EBay moves further from auction roots with pricing, payment changes

Users irked by moves to cut cost of fixed-price listings and end check, money-order payments

Ebay Inc. today announced that it is cutting the cost to list an item in its fixed-price format by more than 70%, a move the online auctioneer said provides sellers its most competitive price list yet.

Despite the reduced fee, some sellers quickly and angrily protested this change, along with other eBay moves, such as the company's decision to no longer accept checks and money orders from buyers.

The new price list provides sellers a 30-day listing period for 35 cents. Previously, sellers paid the same amount for a seven-day listing. Under the new schedule, sellers can list multiple quantities of the same item for a single 35-cent listing fee. Previously, multiple quantities of goods carried separate fees, eBay said.

The changes take effect Sept. 16.

"We aim to be the most competitive marketplace online, and this new, incredibly low pricing helps us achieve that goal," said Lorrie Norrington, president of eBay Marketplaces, in a statement. "A 35-cent listing fee virtually eliminates the upfront cost for sellers to put more of their great inventory on eBay and creates more opportunity than ever for sellers to build successful businesses."

In addition to the pricing changes, eBay also announced that as part of its move this fall to an electronic checkout process, the company plans to stop accepting checks and money orders as payment.

"Today, items paid with check or money order are 80% more likely to result in an item not received than those paid with credit card or PayPal," Norrington noted in a blog post. "Also, buyers who pay with check or money order are 50% more likely to leave negative feedback than those who pay with electronic methods. So starting in late October 2008, we are moving to 100% electronic payments -- credit cards, ProPay or PayPal."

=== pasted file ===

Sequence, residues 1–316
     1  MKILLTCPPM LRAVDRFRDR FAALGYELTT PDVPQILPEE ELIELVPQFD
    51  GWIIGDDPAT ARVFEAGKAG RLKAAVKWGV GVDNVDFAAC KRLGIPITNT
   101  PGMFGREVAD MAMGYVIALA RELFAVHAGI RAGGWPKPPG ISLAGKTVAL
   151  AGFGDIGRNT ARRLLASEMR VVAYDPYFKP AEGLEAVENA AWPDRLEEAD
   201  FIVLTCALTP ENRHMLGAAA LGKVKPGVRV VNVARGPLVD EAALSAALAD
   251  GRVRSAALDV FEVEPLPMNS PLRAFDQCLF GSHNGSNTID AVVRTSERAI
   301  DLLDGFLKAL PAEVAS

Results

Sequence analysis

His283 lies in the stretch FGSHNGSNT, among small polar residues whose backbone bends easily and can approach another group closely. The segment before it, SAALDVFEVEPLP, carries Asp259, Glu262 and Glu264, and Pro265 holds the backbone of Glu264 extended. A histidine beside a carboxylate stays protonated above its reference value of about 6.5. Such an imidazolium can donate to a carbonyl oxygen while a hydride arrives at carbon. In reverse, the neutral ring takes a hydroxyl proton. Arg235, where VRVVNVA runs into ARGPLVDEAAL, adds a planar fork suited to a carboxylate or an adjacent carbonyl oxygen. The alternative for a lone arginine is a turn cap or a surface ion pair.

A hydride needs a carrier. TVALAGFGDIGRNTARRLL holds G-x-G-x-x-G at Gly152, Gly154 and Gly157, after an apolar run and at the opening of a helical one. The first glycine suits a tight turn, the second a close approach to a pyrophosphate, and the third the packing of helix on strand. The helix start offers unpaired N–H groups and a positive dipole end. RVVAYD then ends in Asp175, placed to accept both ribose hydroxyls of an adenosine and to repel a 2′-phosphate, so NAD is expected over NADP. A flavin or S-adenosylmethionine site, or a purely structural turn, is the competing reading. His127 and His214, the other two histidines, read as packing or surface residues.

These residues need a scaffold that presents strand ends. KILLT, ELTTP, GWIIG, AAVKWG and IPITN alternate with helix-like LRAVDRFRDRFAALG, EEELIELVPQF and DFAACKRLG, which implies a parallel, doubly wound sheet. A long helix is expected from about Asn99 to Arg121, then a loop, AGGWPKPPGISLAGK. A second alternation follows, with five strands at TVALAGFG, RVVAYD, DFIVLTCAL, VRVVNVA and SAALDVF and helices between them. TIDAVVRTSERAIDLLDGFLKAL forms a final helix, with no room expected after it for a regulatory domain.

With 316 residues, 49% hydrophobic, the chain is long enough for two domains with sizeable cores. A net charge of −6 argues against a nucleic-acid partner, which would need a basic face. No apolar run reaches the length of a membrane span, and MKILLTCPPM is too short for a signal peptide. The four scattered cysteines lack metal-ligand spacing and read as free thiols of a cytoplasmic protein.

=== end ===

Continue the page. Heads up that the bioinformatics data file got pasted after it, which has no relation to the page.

Erick Schonfeld, a blogger at TechCrunch, noted that "the Web has moved on, and eBay is stuck in still waters."

"This is not about fixed price versus auctions," Schonfeld added. "The main challenge eBay faces is that it is becoming easier and easier to find things to buy on the Web simply by searching for what you want on Google. During the early days of the Web, people needed a few big e-commerce sites [that] they could trust and that could organize everything that was for sale online. That need was filled by Amazon and eBay."

However, now that people are comfortable crawling the Web for the best bargains, eBay is not longer the first place they look, he added. "Partly that is because eBay has done such a good job creating a semi-professional class of online sellers that it is harder and harder to actually find bargains there," Schonfeld said. "So online shoppers are going elsewhere."

Soon after the changes were announced, sellers began posting notes about their irritation in various eBay forums. One seller, posting under the name "Aunt Matilda's Attic," said that the move seems to be eBay's way of trying to compete more effectively with Amazon.com Inc.

"Now eBay is going to try to take the competition to Amazon," the seller wrote. "I think it's a big mistake. They claim their reason for changing the focus to fixed-price sales is that that sector of their site has grown more than the auction sales growth in the last quarter. Auction sales growth has slowed, but is still growing. It's all about how much money they can make."

The seller, who noted that he or she sells on both Amazon.com and eBay, went on to note that the firm should focus more on eBay stores as opposed to fixed-price listings.

"Amazon doesn't favor its buyers over its sellers by a margin of 2,000-1 the way eBay does," the seller wrote. "Amazon sellers are not going to start selling on eBay. It's too expensive, and eBay favors the buyers over sellers, and so eBay can forget about luring Amazon sellers away from Amazon."

Another seller, "egulch3," said that he or she had sold $3,000 worth of items on eBay in the past several weeks and only accepts checks or money orders as payment.

"I have not had one nonpaying bidder, nor have I had any checks bounce," the seller noted. "EBay is lying when they say they are doing this for the good of the buyers. They are doing it to increase their bottom line. Pure and simple."

Another seller on the same forum as "egulch3" and posting as "Foxboxlots" said that for most small and midsize sellers, the new payment policy will mean that they will be forced to use PayPal Inc., which is owned by eBay.

"I find this an outrage. I have mostly cut my eBay sales, and this will probably be the nail in the coffin," the seller added. "Goodbye to small sellers who seek out interesting merchandise -- margins are just to small to justify the time. [It] was fun while it lasted, but this is pretty much the end for me."

Copyright © 2008 IDG Communications, Inc.

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